Guilty, Or Not?: Skip The Polygraph and Reach For The Ice Cream

Guilty or not


Nearly two decades have passed since I watched serial killer Timothy Spencer, The Southside Strangler, die in the electric chair. I knew the details of the case, including that Spencer had been released from prison after serving three years on a ten year sentence for burglary. His release from prison, however, was conditional. He was to live in a state-run halfway house for a predetermined amount of time. The year was 1984. DNA testing was not yet available to law enforcement.

Spencer was allowed to “check out” of the halfway house on weekends. I assume he, like others serving part of their sentences in halfway houses, was allowed to go out to work or search for employment, attend religious services and AA and NA meetings, see a doctor or dentist, shop for clothing, and leave the halfway house on weekends.

During Spencer’s weekends away from the halfway house is when he added other, unauthorized, stops to his schedule. During an eleven week span Spencer visited quiet suburban neighborhoods where broke into the homes of four women. In each of the break-ins, he attacked the women, bound their hands, and then brutally raped and killed them. His murder weapon in three of the four cases was a cleverly designed ligature that tightened more and more as the victim struggled. Detectives weren’t able to locate a single shred of discernible evidence at either of the crime scenes, but they collected any and everything they thought might help locate the killer, including samples of the murderer’s semen.

Finally, a relentless investigator named Joe Horgas heard that British police had identified a killer through DNA matches of blood and semen. Horgas then contacted a lab that specialized in DNA testing and they agreed to help. Horgas soon received the news he’d been hoping to hear—Spencer’s DNA matched the semen samples collected by detectives. Spencer was then arrested, tried, and convicted. It was four years after the first rape and murder.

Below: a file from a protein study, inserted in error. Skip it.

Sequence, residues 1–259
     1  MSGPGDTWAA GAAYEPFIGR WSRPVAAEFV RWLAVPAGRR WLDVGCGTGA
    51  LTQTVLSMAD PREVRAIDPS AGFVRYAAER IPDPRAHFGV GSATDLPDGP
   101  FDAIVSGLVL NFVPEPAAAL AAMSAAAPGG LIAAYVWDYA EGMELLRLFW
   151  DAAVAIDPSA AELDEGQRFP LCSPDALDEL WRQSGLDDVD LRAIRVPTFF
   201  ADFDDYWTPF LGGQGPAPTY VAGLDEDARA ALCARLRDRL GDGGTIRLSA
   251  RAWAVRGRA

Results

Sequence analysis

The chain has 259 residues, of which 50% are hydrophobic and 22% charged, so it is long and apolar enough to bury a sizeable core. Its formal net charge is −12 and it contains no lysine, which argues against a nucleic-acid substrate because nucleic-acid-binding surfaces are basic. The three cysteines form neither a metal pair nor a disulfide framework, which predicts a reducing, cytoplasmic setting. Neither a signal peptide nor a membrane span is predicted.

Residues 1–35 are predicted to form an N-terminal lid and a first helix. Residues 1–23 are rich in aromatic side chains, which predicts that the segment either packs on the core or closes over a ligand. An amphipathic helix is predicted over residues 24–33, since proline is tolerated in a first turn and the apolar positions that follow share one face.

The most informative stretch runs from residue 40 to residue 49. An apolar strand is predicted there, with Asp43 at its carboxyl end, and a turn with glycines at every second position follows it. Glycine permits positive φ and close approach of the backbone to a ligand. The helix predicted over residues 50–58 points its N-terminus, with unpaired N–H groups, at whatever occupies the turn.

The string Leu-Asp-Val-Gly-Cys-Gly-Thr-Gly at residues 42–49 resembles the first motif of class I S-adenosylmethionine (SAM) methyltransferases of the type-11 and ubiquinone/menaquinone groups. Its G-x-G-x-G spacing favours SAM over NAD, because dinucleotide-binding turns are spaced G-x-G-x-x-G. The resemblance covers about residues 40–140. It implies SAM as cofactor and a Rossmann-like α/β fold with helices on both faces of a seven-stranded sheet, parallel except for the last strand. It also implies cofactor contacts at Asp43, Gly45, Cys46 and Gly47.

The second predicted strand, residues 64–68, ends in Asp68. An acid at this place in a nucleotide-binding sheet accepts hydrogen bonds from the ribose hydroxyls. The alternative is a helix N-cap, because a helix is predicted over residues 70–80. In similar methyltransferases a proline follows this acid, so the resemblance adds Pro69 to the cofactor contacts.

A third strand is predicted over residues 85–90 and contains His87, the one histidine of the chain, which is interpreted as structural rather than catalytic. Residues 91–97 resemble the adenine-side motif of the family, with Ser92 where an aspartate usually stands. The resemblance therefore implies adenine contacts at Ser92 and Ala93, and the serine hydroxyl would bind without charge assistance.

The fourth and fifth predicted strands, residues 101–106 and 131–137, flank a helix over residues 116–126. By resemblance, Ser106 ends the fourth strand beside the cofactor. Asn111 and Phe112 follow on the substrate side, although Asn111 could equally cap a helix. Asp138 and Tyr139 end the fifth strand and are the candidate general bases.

Timothy Spencer was the first killer in the U.S. sentenced to die based on DNA evidence. I watched him die, and believe me, death by electrocution is far from being a passive exit from this world. A man moaning and breathing hard during lethal injection has nothing on those who’ve ridden Old Sparky on the journey to wherever it is they go after all is said and done. But it is what it is.

Now, back to Spencer and his last day alive on this planet. I mentioned earlier that he showed no signs of remorse, and that he’d offered no final words. But, as years have passed, I’ve often wondered (who knows why) what Spencer had selected as his final meal. I’ve never found out, but here’s why I mentioned it.

Recently, a Cornell University study has concluded that a condemned person’s last meal selection can actually shed a little light as to his/her true guilt or innocence.

For example, researcher Kevin Kniffin, found that inmates who perceive themselves as innocent likely request a meal of fewer calories, or they decline to receive a last meal altogether (Kniffin’s study included the last meals of 247 people who were executed in the United States between 2002 and 2006).

Further, inmates who claimed innocence were 2.7 times more likely to decline a last meal than those who admitted guilt.

Interestingly, Kniffin’s research concluded that those who readily admitted guilty requested 34% more calories and were more likely to request brand name food items.

For example, those who denied guilt requested meals containing approximately 2,000 calories, and that’s if they chose to eat a final meal at all. Death row prisoners who admitted their guilt requested a last supper of approximately 2,800 calories. Those who remained silent, neither confessing guilt or sticking to a claim of “I didn’t do it,” asked for a meal of approximately 2,100 calories.

So, you be the judge. Guilty or Innocent?

1. John Wayne Gacy – 12 fried shrimp, a bucket of original recipe KFC, french fries, and a pound of strawberries.

2. Ted Bundy – steak (medium rare), eggs (over easy), hash browns, toast with butter and jelly, milk and juice.

3. Victor Feguer – a single unpitted olive presented on a ceramic plate and accompanied with a knife and fork.

4. Timothy McVeigh – two pints of mint and chocolate chip ice cream

*By the way, Patricia Cornwell’s first book was based on Spencer’s case.